Hi Meredith and Readers,
I read the column every day and appreciate the varied perspectives -- the ones that make me laugh, the ones that make me cringe, and the ones that make me stop and think. They have really helped.
Here's my background: late '50s, divorced five years (involuntarily; he met someone else), no children. Therapy and the passage of time have helped me move past that trauma. I'm attractive, well-educated, make friends easily, have meaningful work and a nice place to live around Boston. Sounds great, right?
Here's the problem -- I am trying to accept being alone romantically. See, I am a minister. The "usual" places to meet people, like church and work, are unavailable to me, as are dating websites. I've tried things like Meetup and have met some nice people, but others shut down as soon as they hear what I do professionally. (I don't bring it up proactively, but of course it comes up in conversation.)
So, this less about "love" and more about how do you make peace with the reality that having a romantic partner is probably not going to happen? I am hoping that at least a few of your readers may have some first-hand advice on how they have reached acceptance and filled the emotional void when they find the years passing by.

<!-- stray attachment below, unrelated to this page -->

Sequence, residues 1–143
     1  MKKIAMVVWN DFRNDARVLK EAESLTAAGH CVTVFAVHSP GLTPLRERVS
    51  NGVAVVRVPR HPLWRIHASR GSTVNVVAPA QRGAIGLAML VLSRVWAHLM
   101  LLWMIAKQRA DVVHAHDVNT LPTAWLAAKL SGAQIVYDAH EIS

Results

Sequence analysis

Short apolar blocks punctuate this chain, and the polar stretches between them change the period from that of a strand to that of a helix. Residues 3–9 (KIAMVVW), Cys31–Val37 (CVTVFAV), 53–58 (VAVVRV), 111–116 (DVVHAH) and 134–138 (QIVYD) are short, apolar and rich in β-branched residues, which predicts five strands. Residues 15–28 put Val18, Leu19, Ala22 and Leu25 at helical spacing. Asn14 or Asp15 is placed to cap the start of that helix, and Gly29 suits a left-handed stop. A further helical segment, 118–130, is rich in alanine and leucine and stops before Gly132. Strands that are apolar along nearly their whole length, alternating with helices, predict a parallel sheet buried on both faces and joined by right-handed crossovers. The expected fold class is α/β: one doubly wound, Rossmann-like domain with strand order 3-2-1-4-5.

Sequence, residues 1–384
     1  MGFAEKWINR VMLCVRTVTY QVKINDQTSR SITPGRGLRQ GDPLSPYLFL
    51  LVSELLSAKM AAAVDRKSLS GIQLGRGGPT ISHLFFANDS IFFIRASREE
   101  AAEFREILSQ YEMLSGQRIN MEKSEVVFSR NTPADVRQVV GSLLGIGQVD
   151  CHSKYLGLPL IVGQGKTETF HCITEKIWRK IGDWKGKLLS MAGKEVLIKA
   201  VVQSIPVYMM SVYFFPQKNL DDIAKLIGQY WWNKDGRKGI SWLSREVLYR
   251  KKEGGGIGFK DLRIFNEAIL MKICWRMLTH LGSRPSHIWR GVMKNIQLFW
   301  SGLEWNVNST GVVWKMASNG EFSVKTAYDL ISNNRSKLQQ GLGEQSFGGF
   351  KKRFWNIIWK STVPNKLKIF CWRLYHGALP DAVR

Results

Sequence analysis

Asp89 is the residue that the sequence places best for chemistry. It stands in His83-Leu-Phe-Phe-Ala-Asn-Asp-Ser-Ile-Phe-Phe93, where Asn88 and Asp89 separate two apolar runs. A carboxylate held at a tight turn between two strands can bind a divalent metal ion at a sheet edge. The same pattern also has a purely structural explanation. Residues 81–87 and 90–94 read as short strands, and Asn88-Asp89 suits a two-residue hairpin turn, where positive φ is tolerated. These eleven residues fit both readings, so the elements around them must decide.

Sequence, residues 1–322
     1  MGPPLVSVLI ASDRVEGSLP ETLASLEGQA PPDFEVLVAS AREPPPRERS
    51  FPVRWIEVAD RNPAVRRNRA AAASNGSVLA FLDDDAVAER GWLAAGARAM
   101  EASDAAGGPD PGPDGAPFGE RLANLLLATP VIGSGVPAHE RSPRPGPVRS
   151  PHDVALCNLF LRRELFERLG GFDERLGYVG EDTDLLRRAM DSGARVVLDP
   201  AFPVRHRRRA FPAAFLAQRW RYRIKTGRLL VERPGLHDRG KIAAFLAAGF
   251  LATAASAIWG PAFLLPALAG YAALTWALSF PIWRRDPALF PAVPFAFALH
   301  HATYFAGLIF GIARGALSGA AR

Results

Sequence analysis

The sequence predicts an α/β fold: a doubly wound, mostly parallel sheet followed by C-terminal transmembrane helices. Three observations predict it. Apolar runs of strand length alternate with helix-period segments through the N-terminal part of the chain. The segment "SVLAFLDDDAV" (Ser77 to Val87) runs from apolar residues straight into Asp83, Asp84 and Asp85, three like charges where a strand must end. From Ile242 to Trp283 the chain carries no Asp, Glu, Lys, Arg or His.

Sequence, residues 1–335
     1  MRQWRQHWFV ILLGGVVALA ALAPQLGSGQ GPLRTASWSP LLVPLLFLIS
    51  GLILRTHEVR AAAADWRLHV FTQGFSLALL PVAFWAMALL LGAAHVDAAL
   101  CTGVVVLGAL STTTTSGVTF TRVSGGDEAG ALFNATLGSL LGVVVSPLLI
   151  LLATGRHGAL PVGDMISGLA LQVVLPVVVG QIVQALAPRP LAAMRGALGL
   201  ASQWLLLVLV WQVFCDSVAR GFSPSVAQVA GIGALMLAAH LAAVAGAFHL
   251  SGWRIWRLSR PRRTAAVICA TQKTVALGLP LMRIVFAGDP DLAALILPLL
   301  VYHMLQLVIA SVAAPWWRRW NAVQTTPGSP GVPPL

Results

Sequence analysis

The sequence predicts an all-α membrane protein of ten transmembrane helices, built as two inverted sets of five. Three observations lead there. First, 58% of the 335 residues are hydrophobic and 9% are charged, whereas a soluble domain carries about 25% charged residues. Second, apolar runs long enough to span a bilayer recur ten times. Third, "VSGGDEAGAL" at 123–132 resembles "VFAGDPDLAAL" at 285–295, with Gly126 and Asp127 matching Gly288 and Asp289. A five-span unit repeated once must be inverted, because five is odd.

– The Rev
You don't have to accept that you're going to be alone. You just have to accept that finding someone won't be easy. It's not impossible, just tough. Many people will tell you that they've failed to make romantic connections at Meetup events.
It's time to tell people in your community that you're open to dating. You may not be able to hit on people at church, but your close friends can set you up. And maybe you can online date, perhaps with your profile hidden, and simply reach out to people who look interesting.
Accept that you don't know what’s going to happen. Accept that many people write to Love Letters about how difficult it can be to find a partner. But don't accept that you'll be alone forever because you don't know that to be true.
Readers? Should the letter writer assume that dating is over? Thoughts about filling the void? Thoughts about explaining this line of work to people who seem intimidated by it?